Chromium is one of the most common elements used to create a steel alloy, and it’s therefore one of the most common metals in a home. When more than 11 percent of a steel alloy is made up of chromium, it’s called stainless steel. Stainless steel is very resistant to corrosion, and it’s also immune to oxidation. It’s stronger and harder than basic steel and able to be treated at reasonably high temperatures without issue.
Vanadium is another element that’s commonly used to create steel alloys. Vanadium adds increased strength and hardness to the steel, which then becomes more wear-resistant and better able to handle shock impacts. This is due to the fact that vanadium keeps the grain growth at bay—smaller grain sizes result in better impact resistance. This alloy is most commonly used for high-speed metal-cutting tools.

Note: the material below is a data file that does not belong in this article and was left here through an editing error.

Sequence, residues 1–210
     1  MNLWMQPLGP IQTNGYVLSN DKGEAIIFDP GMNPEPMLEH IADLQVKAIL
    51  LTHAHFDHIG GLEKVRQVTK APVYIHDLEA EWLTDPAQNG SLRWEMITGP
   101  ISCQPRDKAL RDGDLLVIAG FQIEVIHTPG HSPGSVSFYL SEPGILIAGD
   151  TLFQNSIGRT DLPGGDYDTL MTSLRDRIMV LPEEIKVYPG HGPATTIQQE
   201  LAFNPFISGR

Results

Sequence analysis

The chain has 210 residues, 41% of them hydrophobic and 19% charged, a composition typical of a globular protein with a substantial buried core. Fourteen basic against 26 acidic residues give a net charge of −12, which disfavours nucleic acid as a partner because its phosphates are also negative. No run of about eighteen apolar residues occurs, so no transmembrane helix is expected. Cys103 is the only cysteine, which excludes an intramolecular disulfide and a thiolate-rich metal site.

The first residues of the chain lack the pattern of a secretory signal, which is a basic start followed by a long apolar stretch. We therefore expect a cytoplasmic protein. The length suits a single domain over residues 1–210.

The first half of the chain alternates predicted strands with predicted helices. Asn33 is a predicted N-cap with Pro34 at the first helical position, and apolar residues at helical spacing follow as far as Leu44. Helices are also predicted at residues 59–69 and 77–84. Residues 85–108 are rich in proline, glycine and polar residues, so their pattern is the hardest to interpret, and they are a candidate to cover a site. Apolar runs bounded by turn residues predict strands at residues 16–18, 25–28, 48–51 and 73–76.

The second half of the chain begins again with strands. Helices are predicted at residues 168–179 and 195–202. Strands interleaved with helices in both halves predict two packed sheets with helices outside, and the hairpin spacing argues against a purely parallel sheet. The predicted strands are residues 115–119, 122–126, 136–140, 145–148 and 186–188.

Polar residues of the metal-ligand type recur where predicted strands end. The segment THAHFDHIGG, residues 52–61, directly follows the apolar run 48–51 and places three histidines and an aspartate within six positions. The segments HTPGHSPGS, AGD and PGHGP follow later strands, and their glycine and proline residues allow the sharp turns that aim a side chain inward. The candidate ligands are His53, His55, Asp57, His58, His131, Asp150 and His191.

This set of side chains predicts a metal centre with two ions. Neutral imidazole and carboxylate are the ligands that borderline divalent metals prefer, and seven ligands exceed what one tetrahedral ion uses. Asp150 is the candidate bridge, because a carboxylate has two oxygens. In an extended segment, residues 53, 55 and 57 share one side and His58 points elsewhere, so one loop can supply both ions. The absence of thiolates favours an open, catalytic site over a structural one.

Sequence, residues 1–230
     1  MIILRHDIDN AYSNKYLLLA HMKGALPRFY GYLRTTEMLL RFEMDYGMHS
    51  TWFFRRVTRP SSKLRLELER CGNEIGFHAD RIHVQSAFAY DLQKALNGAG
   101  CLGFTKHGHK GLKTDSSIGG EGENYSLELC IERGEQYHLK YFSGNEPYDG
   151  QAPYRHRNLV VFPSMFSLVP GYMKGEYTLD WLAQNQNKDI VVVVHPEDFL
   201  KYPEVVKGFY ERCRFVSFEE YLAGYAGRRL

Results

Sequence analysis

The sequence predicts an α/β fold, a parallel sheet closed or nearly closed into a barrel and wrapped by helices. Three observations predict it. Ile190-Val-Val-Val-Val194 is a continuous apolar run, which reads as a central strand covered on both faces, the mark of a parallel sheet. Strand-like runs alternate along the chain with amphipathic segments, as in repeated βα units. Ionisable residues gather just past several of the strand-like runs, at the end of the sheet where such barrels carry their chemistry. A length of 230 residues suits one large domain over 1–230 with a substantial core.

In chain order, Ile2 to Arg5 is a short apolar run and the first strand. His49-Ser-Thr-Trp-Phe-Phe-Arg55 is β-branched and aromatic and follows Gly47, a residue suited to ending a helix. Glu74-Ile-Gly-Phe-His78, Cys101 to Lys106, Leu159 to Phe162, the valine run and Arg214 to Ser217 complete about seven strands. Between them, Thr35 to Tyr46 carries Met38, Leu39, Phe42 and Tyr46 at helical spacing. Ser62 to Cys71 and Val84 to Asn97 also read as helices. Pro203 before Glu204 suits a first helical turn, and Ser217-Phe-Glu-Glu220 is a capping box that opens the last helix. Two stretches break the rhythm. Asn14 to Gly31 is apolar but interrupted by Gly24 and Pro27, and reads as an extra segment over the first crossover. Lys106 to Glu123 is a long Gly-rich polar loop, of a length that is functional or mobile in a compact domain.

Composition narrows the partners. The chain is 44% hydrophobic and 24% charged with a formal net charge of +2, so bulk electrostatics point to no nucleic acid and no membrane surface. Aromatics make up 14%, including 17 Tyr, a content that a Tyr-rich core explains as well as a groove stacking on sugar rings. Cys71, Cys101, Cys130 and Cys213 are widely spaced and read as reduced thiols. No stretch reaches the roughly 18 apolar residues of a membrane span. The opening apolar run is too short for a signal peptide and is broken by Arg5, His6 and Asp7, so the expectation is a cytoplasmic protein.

Manganese is used to alloy steel for metals that need to be forged. Manganese gives the steel higher strength, better hardness, and more resistance to wear. This is true even at extremely high temperatures. As a result, the metal alloy is able to be formed and shaped into a variety of items with more ease than with other metal alloys or with steel alone.
The addition of nickel to steel is another common creation. The addition of enough nickel turns the steel into what is called austenitic stainless steel, which is tougher and harder but no less ductile. It has a high corrosion resistance even at extreme temperatures. Nickel steel alloys are unique in that they can uphold their strength even in extremely cold temperatures. The temperature range in nickel steel alloy is one of the most diverse.
For all your metal alloy needs, look for a trusted metal alloy supplier. Here at Wieland Diversified, we aim to supply exactly what you need.